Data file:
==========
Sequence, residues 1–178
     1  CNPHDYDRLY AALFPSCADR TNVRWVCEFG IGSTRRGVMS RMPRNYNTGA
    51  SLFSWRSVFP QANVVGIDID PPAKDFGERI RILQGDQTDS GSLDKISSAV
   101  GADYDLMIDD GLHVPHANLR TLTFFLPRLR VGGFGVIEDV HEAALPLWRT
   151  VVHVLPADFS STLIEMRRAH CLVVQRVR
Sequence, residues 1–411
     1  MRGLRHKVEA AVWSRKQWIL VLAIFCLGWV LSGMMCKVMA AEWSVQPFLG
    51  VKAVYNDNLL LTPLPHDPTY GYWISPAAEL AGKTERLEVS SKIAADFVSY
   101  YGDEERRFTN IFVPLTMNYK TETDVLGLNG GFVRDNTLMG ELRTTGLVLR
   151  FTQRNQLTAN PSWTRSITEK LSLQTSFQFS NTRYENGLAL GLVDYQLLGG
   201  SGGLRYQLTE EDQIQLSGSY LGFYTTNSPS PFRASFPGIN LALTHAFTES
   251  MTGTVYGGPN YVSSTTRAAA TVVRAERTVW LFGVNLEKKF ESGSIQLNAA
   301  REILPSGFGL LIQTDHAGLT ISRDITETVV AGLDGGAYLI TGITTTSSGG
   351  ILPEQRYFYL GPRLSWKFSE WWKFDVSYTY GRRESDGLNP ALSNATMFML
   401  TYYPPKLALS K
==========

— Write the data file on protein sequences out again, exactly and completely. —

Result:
Sequence, residues 1–178
     1  CNPHDYDRLY AALFPSCADR TNVRWVCEFG IGSTRRGVMS RMPRNYNTGA
    51  SLFSWRSVFP QANVVGIDID PPAKDFGERI RILQGDQTDS GSLDKISSAV
   101  GADYDLMIDD GLHVPHANLR TLTFFLPRLR VGGFGVIEDV HEAALPLWRT
   151  VVHVLPADFS STLIEMRRAH CLVVQRVR
Sequence, residues 1–411
     1  MRGLRHKVEA AVWSRKQWIL VLAIFCLGWV LSGMMCKVMA AEWSVQPFLG
    51  VKAVYNDNLL LTPLPHDPTY GYWISPAAEL AGKTERLEVS SKIAADFVSY
   101  YGDEERRFTN IFVPLTMNYK TETDVLGLNG GFVRDNTLMG ELRTTGLVLR
   151  FTQRNQLTAN PSWTRSITEK LSLQTSFQFS NTRYENGLAL GLVDYQLLGG
   201  SGGLRYQLTE EDQIQLSGSY LGFYTTNSPS PFRASFPGIN LALTHAFTES
   251  MTGTVYGGPN YVSSTTRAAA TVVRAERTVW LFGVNLEKKF ESGSIQLNAA
   301  REILPSGFGL LIQTDHAGLT ISRDITETVV AGLDGGAYLI TGITTTSSGG
   351  ILPEQRYFYL GPRLSWKFSE WWKFDVSYTY GRRESDGLNP ALSNATMFML
   401  TYYPPKLALS K